Beyond just holding onto people or getting them not to leave, organizations need to find ways to motivate people so they want to stay. If employees aren’t excited about working for your organization, they will easily find employment elsewhere. There are plenty of options both inside and outside the long term care field, where pay can be substantially higher. If you want them to stay, they need to be engaged.

The higher the percentage of engaged employees in an organization, the lower the turnover. But sadly, the latest Gallup statics found only 32 percent of employees are actively engaged in their work. How do you begin to try to change this eye-popping, and costly, statistic in your organization? Focus on team members’ strengths.

Building an all-star team

Of the millions of employees Gallup surveys, one statement has been found to have the greatest link to engagement: “At work, I have the opportunity to do what I do best every day.” People who answer that question “strongly agree” are six times more likely to be engaged on the job.

How many of your team members can answer “strongly agree” to that statement? Too often, LTC leaders are focused on correcting team members, delivering disciplinary action and addressing failures. When the focus is constantly on what a person needs to do better and not on what they can do well they miss out on opportunities to use their strengths.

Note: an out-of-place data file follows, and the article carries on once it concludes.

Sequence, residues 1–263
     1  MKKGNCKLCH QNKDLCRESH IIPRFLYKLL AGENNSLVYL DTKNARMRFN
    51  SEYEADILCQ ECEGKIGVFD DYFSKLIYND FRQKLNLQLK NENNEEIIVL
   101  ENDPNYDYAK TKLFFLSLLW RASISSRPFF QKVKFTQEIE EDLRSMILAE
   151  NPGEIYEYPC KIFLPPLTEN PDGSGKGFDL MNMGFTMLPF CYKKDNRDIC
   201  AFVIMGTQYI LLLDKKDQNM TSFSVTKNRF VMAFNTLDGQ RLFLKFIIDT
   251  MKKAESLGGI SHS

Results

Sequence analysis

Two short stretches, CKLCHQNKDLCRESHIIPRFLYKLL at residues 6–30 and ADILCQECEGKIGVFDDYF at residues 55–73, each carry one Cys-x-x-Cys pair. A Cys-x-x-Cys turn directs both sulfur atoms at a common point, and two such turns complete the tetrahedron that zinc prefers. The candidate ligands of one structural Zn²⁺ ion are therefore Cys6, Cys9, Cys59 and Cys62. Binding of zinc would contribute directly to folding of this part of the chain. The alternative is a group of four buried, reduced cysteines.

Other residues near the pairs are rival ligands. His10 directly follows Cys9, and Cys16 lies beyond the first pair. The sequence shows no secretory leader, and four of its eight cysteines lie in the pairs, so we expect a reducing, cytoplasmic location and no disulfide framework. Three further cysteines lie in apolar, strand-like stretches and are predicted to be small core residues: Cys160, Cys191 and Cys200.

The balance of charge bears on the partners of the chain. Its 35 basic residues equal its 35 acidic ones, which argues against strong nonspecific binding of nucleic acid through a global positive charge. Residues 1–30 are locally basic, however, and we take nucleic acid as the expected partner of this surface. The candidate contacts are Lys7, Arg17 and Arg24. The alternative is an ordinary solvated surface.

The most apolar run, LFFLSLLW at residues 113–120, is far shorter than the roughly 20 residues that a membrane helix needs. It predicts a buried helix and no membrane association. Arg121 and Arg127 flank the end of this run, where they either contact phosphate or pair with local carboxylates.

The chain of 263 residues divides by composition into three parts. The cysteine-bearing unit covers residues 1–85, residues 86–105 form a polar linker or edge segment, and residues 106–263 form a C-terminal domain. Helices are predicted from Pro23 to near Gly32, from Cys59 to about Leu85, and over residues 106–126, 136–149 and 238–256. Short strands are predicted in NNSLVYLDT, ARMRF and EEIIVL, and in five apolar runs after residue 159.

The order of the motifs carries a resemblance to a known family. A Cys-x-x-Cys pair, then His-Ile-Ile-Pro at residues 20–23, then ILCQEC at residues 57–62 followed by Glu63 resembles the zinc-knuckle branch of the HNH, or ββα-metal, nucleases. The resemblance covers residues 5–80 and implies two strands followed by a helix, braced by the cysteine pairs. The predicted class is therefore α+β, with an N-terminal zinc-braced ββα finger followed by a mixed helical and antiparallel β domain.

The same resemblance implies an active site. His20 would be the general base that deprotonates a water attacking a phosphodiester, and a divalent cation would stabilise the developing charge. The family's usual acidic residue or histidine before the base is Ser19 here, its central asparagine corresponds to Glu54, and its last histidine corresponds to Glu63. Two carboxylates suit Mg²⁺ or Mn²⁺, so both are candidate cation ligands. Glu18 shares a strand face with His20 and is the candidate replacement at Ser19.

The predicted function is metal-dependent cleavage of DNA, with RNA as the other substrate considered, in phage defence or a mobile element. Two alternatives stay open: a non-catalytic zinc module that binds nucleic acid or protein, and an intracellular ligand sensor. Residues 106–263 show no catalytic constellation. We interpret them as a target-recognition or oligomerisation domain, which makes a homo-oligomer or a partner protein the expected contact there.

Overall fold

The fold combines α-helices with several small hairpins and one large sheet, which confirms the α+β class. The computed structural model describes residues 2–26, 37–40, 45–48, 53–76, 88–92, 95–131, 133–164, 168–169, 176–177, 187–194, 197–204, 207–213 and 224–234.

Everyone has different innate and acquired talents. (If you can’t recognize one redeeming quality in a team member, you should ask yourself why they are even working in you organization!) To improve engagement, team members need to be supported in harnessing these strengths. This begins with the challenge of the employee and supervisor both knowing what those strengths are in the first place. Only then can they work together to strengthen and refine them to improve employee and organizational outcomes.

Scouting for raw talent

It can be difficult to identify our own strengths, sometimes because we fail to recognize our skills are strengths.  At times we take our own talents for granted without realizing the rare gift we possess. Once, based on employee feedback from an organizational assessment, I encouraged the administrator to walk around the nursing home more frequently and interact with the team. He agreed he should be doing more of this. Then he asked me, “What should I say to people when I see them?” Connecting and interacting with other people is as effortless as breathing is to me! I was momentarily taken aback that this didn’t come naturally to him. That’s the power, and downfall, of a strength. We assume what is second nature to us is the same for others, and we often don’t recognize it for what it is: a unique gift.